Figure 3 – number of genes recruited from different anatomical systems in mammalian (light blue), therian (blue), and eutherian (red). Lynch et al, 2015

Recruited genes in mammalian pregnancy were more tissue specific than anciently expressed genes and that they were expressed at lower levels. Recruited genes are important for implantation of the egg and establishment of pregnancy because recruited genes were often much more misregulated than ancestral genes in women with unexplained infertility. In general, recruited genes had far more precise functions while ancestrally expressed genes carried out broader tasks.

After gathering information on what genes are actually involved in pregnancy, the group still had to find out how those genes were regulated. Genes in animals are regulated by other portions of DNA called promoters and enhancers that are located nearby the gene. These regulatory elements are responsible for controlling when a gene is activated, and how many protein copies it makes. The research team looked at the promoters and enhancers in each gene they found to be associated with pregnancy to see if there were any embedded sequences of known TEs. The results showed that ancient mammalian TEs were often integrated into these regulatory regions of DNA.

Another important component of gene regulation are proteins called transcription factors. These are proteins that bind to sections of DNA to help control when genes are expressed. This study found that transcription factors that regulate expression of genes involved in pregnancy often bind to sections of DNA that contain traces of ancient mammalian TEs.

In summary, several of the genes that are responsible for pregnancy in mammals originally had other functions in the body, and TEs played a role in the recruitment of these genes for pregnancy by coordinating and regulating them. TEs were able to do this by providing copies of the same DNA sequence nearby each gene in the enhancers, promoters, and transcription factors that can be stimulated by the same signals. This allows a group of genes to be controlled by a single signal, for example, the hormone progesterone. Overall, this study suggests that the evolution of pregnancy in mammals happened not by the slow development of a completely new set of genes, but by change in the regulation of groups of genes expressed in other systems of the body. Additionally, this study showed that the change in the regulation of genes was assisted by TEs. This mechanism of evolution is a way for complex systems to evolve much more rapidly than when single mutations within genes happen one by one.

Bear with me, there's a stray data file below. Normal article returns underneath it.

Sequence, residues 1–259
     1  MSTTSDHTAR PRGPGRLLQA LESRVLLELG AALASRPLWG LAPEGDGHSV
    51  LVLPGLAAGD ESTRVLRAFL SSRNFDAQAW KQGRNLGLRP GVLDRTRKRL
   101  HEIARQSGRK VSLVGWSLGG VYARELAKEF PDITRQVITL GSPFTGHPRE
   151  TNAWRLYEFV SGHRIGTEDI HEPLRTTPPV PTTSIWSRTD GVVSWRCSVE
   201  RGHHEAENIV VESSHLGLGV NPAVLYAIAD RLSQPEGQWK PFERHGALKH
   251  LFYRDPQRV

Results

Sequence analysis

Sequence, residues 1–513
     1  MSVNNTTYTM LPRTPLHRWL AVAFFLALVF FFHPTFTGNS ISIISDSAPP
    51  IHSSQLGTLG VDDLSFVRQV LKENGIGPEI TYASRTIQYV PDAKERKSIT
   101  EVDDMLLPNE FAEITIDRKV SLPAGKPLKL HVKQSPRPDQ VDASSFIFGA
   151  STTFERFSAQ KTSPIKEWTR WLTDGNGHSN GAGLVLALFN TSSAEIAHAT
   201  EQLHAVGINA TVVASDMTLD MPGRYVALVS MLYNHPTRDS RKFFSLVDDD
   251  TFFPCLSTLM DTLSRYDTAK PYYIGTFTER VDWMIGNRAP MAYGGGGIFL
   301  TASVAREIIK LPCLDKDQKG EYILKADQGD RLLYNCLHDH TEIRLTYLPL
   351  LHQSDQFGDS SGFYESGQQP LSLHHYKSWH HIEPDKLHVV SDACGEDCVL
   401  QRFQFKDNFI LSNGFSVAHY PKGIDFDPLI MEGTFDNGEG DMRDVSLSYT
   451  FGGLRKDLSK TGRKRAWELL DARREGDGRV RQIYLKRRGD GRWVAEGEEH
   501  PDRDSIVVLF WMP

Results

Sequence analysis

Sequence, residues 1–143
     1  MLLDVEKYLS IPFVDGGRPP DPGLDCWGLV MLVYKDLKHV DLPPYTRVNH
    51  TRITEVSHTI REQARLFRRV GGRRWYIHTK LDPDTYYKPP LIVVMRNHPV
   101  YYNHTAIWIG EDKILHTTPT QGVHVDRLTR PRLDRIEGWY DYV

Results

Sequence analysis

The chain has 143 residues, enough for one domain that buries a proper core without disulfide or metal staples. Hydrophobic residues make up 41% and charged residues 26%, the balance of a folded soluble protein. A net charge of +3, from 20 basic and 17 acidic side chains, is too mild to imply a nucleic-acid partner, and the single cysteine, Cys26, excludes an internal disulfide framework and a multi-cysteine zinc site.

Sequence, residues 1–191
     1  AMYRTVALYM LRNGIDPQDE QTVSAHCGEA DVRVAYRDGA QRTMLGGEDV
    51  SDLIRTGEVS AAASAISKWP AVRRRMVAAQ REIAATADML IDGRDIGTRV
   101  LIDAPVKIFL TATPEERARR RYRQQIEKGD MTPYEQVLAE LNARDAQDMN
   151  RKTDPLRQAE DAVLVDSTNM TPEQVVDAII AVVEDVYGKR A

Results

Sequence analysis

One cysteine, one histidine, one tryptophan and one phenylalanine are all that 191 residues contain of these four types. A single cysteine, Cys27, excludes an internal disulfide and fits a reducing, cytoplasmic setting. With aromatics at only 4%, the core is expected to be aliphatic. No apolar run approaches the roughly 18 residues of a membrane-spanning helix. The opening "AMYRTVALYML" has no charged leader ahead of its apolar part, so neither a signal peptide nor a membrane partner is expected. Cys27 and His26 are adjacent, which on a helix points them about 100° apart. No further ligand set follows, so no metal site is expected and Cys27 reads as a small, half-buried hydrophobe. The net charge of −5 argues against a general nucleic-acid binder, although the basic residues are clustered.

Although TEs have often been thought of as undesirable junk, this study indicates that they are much more important than previously imagined. I would be interested to see the methods of this study repeated to find out if other systems of the body have evolved with the help of TEs. Other studies have showed that TEs may be responsible for the evolution of a range of traits from pigmentation patterns in fish to the vertebrate immune system, and a better understanding of TEs may answer important questions about cancer and aging.  At first glance, TEs appear to be extremely disrupting, but further research may show that their less obvious functions are actually a crucial component in the evolutionary process.

Further Reading:


Lynch VJ, Nnamani MC, Kapusta A, Brayer K, Plaza SL, Mazur EC, Emera D, Sheikh SZ, Grutzner F, Bauersachs S, Graf A, Young SL, Lieb JD, DeMayo FJ, Feschotte C, Wagner GP. Ancient Transposable Elements Transformed the Uterine Regulatory Landscape and Transcriptome during the Evolution of Mammalian Pregnancy. Cell Rep. 2015. DOI: http://dx.doi.org/10.1016/j.celrep.2014.12.052